This week our advice team were able to assist one of our members with an issue where their tenant had been subletting the property.
This is unfortunately quite a common issue that landlords face, and can be quite a serious issue depending on that individual person’s situation.
The landlord may have a licence, a mortgage or insurance policy which may prohibit the subletting of the property or put a hard cap on the number of occupants that can be at that property. If a tenant sublets without a landlord’s knowledge or permission then they may be in breach of any of those conditions.
Thankfully our advisors are able to offer assistance to our members when they are faced with these difficult situations.
Our landlord was alerted by one of the neighbours in the area that some unrecognised people were consistently going in and out of the property and that they had not seen the landlord’s tenant for a number of weeks.
After serving a 24-hour inspection notice to the property and attending after they received no response to this notice, they found that the property had been sublet by the tenant. There were 3 unrelated sharers where our landlord had been under the assumption it was rented to a married couple.
This presents a problem for our member. As mentioned above, it could put them in breach of a number of different obligations, and so it is important that they take action to resolve the matter.
The tenancy agreement in this instance was still within the fixed term, and as section 21 cannot be served to expire until after the end of the fixed term, this wasn’t really an applicable option for our member due to the length of time it would take to wait until the fixed term was coming to an end.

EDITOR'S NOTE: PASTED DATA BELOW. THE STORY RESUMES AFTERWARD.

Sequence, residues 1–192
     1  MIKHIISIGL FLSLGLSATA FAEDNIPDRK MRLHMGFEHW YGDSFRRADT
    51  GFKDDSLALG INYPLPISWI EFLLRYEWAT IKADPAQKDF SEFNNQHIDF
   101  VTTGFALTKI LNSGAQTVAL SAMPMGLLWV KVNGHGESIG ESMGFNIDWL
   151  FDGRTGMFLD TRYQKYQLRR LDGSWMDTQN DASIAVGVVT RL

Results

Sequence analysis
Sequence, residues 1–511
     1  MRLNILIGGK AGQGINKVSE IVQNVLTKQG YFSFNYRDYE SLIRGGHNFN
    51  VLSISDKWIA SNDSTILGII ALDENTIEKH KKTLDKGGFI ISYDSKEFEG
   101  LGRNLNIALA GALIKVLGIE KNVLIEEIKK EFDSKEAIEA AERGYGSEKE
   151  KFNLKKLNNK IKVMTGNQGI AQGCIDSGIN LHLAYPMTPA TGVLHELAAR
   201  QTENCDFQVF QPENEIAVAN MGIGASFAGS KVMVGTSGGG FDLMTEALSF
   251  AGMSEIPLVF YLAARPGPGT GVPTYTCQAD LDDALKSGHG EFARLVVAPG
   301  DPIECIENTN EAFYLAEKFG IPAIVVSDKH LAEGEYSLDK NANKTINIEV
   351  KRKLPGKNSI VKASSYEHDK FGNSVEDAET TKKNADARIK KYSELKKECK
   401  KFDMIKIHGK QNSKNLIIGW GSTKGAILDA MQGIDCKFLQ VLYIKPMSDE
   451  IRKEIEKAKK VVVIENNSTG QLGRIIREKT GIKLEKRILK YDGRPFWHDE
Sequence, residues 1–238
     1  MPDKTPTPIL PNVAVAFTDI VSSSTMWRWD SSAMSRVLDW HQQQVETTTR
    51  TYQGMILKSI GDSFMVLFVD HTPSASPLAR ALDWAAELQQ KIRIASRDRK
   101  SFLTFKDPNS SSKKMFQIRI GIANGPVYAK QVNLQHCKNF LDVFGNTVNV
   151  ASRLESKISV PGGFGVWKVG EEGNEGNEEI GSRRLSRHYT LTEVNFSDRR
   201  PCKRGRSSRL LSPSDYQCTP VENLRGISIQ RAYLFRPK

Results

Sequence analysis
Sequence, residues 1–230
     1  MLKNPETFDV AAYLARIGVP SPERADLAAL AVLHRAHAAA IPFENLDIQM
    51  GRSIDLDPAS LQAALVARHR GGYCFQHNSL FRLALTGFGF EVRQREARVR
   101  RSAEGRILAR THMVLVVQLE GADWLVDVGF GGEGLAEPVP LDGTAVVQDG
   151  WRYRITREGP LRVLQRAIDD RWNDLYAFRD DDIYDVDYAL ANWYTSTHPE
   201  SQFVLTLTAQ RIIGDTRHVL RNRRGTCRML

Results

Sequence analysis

Section 8 ground 12 can be served for a breach of tenancy agreement. Our member used the latest RLA agreement which does indeed have a clause prohibiting subletting, therefore subletting the property without permission is a breach of agreement. This is a discretionary ground but there is more weight behind it when there is a sublet involved due to the potentially serious consequences for landlords. They should serve this to the property with 2 weeks’ notice with the aim of evicting their own tenant to subsequently destroy the sublet agreements once an eviction takes place.
With the potential removal of section 21 landlords may be faced with only relying on this ground in the future, this is why the RLA has called for a mandatory ground to be introduced under section 8 which specifically covers this issue and means landlords can be confident of recovering their properties when a sublet has taken place without permission. This ground would apply to the landlord’s tenancy with their tenant and to the tenant’s arranged sublet agreements.
- Are you concerned about subletting at your property? If you’re not sure and want some advice, give our landlord advice team a call.